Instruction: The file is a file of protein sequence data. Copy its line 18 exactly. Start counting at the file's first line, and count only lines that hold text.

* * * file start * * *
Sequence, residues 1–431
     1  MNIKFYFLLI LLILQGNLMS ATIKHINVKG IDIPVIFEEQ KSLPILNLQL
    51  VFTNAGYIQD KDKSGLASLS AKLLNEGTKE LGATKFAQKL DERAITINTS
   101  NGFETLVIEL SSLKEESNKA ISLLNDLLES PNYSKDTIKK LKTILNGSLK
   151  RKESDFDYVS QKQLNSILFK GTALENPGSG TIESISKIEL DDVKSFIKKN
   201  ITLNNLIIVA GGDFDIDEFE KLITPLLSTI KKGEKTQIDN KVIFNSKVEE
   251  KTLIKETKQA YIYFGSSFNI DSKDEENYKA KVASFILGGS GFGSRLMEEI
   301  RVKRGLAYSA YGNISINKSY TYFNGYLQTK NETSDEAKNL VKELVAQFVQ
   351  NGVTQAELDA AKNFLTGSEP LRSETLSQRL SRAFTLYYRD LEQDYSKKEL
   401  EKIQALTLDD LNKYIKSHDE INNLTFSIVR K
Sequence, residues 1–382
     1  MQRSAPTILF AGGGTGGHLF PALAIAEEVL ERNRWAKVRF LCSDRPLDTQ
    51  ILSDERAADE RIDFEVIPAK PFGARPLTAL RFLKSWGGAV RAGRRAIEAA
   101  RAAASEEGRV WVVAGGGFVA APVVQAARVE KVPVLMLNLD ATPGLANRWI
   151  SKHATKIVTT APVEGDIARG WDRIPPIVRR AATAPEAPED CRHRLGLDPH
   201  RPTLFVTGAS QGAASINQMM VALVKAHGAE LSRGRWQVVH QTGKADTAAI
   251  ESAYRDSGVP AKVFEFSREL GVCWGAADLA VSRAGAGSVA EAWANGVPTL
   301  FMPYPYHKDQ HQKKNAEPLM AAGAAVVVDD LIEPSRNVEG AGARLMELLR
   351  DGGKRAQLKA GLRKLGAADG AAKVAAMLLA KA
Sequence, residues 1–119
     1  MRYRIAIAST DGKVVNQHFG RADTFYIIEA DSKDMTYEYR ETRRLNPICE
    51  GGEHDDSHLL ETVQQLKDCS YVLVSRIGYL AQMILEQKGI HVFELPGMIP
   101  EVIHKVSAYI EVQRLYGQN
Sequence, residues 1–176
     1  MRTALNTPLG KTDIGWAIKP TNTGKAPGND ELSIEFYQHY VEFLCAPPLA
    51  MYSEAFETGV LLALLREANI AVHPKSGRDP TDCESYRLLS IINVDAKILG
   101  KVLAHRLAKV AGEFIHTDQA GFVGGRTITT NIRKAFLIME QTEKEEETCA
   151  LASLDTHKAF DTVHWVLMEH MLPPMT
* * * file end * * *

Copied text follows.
   301  FMPYPYHKDQ HQKKNAEPLM AAGAAVVVDD LIEPSRNVEG AGARLMELLR